By 2 pm, the session was over. I caught a peek of R waving at me and grinning like crazy from the open doorway. He enjoyed this way more than was legal. Now we had to wait for the cashiers to come in and wait some more for our names to be called up to pay the fine. I kept thinking I needed an iced coffee badly. That and a cold shower. It would have been a long wait too had R not talked to the court clerk. I don't know what he told her (he knows her; long story), 'coz she called my name and asked for the fine before disappearing into an office outside. A few minutes later, she was back with the receipt. And just like that, I was finally free to go. I said by goodbyes to K, S and C and quickly left the court room.

"Outlaw," R teased with a smile.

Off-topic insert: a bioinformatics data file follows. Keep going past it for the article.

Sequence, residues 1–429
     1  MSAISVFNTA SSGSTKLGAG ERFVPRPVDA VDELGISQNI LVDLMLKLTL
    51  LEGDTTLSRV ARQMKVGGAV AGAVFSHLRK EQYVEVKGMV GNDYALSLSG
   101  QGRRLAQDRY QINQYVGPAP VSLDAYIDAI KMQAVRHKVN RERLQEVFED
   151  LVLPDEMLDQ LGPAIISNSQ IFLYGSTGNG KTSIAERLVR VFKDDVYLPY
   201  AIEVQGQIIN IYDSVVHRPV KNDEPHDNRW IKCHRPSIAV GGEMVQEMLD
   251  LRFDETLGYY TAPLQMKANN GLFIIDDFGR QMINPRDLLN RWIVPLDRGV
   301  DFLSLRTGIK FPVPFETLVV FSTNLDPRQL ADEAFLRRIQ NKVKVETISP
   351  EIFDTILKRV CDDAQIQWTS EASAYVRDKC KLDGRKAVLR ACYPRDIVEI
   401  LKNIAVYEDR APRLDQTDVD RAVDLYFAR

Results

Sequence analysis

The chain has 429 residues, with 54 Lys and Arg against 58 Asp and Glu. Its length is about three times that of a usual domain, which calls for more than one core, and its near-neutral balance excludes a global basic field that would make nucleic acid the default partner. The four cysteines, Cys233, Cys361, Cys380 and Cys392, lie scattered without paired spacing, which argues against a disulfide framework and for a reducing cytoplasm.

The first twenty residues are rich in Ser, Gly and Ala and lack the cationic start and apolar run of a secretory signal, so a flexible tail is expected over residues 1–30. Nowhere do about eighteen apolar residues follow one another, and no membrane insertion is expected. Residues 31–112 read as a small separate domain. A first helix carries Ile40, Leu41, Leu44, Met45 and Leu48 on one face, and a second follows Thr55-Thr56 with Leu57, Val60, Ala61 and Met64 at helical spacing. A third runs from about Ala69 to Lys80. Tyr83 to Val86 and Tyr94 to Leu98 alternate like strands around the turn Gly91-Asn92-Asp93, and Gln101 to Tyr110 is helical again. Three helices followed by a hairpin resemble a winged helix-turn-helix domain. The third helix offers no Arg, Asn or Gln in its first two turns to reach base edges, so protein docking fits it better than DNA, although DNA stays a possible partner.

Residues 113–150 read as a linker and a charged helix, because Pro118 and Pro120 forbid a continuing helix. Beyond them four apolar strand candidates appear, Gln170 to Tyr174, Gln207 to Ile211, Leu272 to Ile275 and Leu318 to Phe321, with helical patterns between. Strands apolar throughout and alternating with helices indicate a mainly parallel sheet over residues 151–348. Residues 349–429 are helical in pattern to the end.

"And sooo not Sons of Anarchy."

"Tell me about it."

And I did.

***

NB: The above is a 10th February entry retrieved from the cutting room floor after much internal deliberation

21 comments:

  1. wow you actually got to know all those people maybe next time i'll get arrested to socialize. Who belts up in mats anyway- think it's pointless, once blogged about those Michuki rules...http://gitts.blogspot.com/2010/11/does-it-work.html.

    good stuff btw

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  2. Thanks Gitts. yep, most of them were cool and the stories they tell you are fascinating(i couldn't cram them into the post). Plus, it was the only way to pass time without going nuts.
    I'll check it out...

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  3. i like your experience, it seems you met a lot of cool people. by the way did you learn your lesson?